Current market report: HAGI Mercedes-Benz Classic Index (MBCI), September 2013

Current market report: HAGI Mercedes-Benz Classic Index (MBCI), September 2013
18.
October 2013
Stuttgart
The most valuable cars in the world include many exclusive Mercedes-Benz classics.The Mercedes-Benz Classic Index (MBCI) maintained by Historic Automobile Group International (HAGI) tracks activity in the market. This document discusses the performance of the MBCI in September 2013.
The MBCI registered a downturn of 9.17 points (6.64 percent) in September 2013 compared to the previous month, closing with the index priced at 128.93. Since the beginning of 2013, the index has risen 15.47 percent, placing this year’s performance well above the annual average of 8.8 percent, as measured by HAGI over a period of more than 30 years.
The performance of the MBCI can also be measured against the overarching HAGI Top Index for rare classics of all makes. This lost 5.34 percent in September, however with a previous average of 31.47 percent for the year to date, it remains at over double the long-term annual average. Mercedes-Benz Types 300 SL Coupé and 300 SL Roadster (both W 198) feature in the HAGI Top Index.
Calculated over twelve months, the MBCI now shows growth of 17.04 percent. Looking at the wider year-on-year picture, the negative performance of the MBCI in September is largely commensurate with monthly reductions in related market segments, with the exception of HAGI P (classic Porsche), which had already begun to drop in August.
The HAGI MBCI Benchmark for Mercedes-Benz classics has established itself as the most moderate of all the individual HAGI brand indices. In part, this can be attributed to the wider breadth of models, which throws into relief the performance differences within the index between the most valuable collector’s trophy items and hand-built vehicles on the one hand and the lower-priced, classic series models on the other.
Among the Mercedes-Benz collector’s vehicles, for example, the 190 SL (W 121) contributed a light negative influence this month. A gentle market correction could also be observed in the 300 SL (W 198) segment, which resulted from the high prices at summer auctions in the USA and the prices at renowned dealers in the same period.
This was accompanied by short-term variability in the pre-war models, in the face of sustained strong interest in the market for open-bodied two-seaters, in preference to less glamorous open four-seaters or closed coupés and saloons. The sale at auction of a mixed collection of pre- and post-war Mercedes-Benz vehicles (previously seen once on the market a considerable time ago) exerted additional downward pressure on the MBCI in September
Whether this short-term development in the trend is set to continue, thereby signalling a trend reversal, will become apparent as the index figures for the months ahead are released. Technically, this could be confirmed by the index value dropping below 125. In the context of the richly textured and complex landscape that is the Mercedes-Benz Classic Index, it is observed that the upturn in performance of 15.47 percent since the start of the year in the most realistic of all HAGI indices is aligned with that of global equity markets. For comparison, the S&P Global 1200 Benchmark to the end of September 2013 held a value of 14.12 percent.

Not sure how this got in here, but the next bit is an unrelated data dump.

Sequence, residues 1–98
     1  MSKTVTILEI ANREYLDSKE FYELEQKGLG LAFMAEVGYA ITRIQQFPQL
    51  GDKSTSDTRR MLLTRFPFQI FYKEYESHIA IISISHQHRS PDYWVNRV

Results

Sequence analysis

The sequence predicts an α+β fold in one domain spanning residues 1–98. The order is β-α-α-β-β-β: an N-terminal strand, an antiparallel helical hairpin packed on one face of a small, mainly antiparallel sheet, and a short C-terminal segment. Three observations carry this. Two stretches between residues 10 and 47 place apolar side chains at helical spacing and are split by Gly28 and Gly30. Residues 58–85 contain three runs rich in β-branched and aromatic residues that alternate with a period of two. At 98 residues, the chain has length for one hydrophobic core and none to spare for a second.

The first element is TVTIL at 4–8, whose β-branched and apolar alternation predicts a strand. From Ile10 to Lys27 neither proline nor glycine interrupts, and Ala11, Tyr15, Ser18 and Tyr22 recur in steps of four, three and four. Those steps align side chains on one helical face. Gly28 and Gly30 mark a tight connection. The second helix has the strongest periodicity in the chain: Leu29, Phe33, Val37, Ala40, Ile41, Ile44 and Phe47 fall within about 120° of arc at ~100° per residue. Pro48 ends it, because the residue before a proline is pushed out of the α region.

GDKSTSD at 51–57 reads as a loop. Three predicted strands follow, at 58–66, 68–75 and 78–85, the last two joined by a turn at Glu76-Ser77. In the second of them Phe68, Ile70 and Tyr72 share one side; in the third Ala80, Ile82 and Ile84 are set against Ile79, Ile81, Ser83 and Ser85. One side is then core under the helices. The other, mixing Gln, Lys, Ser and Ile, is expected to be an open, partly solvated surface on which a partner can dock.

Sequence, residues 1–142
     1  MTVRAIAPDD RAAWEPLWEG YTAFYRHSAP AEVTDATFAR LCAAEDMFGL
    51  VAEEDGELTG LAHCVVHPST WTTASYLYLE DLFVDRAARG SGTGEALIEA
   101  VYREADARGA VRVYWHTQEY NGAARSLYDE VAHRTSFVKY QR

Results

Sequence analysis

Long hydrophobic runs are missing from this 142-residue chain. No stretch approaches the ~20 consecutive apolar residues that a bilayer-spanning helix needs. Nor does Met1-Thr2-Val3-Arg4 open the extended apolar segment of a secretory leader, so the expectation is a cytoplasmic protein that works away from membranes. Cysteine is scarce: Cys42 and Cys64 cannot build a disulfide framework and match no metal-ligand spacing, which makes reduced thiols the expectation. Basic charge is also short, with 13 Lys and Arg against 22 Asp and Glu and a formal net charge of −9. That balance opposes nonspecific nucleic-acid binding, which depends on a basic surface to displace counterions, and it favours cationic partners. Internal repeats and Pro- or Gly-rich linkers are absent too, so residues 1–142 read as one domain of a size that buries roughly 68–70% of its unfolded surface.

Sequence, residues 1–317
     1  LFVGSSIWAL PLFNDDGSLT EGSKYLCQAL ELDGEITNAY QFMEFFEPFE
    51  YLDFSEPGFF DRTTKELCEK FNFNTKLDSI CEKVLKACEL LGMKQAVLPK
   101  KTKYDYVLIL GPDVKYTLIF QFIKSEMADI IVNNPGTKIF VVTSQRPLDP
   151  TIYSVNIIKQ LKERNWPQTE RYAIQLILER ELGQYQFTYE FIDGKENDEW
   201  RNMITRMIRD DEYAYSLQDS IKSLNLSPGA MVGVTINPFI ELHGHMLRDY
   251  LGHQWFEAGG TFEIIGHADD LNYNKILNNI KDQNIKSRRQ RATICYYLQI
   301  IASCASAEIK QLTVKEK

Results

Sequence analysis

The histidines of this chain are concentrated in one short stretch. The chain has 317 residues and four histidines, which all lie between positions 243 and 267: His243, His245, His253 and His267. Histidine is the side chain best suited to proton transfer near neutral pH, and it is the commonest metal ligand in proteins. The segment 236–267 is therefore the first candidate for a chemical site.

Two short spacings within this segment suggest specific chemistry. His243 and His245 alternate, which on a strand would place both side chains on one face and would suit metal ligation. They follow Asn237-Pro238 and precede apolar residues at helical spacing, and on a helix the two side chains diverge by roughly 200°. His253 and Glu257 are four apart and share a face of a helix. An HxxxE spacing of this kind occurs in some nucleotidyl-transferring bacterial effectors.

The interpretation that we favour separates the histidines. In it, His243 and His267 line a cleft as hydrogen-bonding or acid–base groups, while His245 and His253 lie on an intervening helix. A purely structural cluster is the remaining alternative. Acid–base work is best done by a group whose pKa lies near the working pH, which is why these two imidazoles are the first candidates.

Further figures and index graphs can be downloaded from the HAGI website, in the form of the HAGI MBCI Factsheet, at (registration and login required).
History of the Mercedes-Benz Classic Index (MBCI)
The HAGI indices were first presented in 2009. They exist for various automotive brands and have become established in the global market as a standard for measuring the value of classic vehicles. They operate on the same principle as indices of securities, except that the asset values they refer to are for high-value classic vehicles. The Mercedes-Benz Classic Index (MBCI) was presented in 2012 and initialised on 31 December 2011 with a value of 100 British pounds. It tracks the value trends of 29 classic vehicles of the brand. Of these types, 23 count amongst the most historically important classics of all time.
All HAGI indices employ a weighting based on the number of surviving vehicles, as opposed to more simplistic production volume figures. For vehicles over 30 years old, the latter figure is less informative. The MBCI aggregates over 30,000 surviving vehicles from Mercedes-Benz, with a combined capital value of over 4 billion British pounds (value in 2012, equivalent to over 4.9 billion euros). These vehicles date from a period between 1926 and 1995. The index incorporates additional parameters in order to present the most accurate possible overall picture.
History of Historic Automobile Group International
Historic Automobile Group International (HAGI), founded in 2007, is an independent investment research institute specialising in rare classic automobiles. The HAGI Top Index is published monthly on the websites of Britain’s Financial Times and Germany’s Handelsblatt. The goal is to create transparency in the market and to allow those operating in the market to make well-founded, data-oriented decisions. HAGI maintains a database comprising more than 100,000 real-life transactions. Entries start on the date of production of the vehicle and are updated daily. Data is obtained from four main sources: private contacts, brand specialists, dealers and auction results.

Media

  • 1998M394
    Stylish and safe: Mercedes star at the front end of an S Class Saloon from the 140 model series, 1991.
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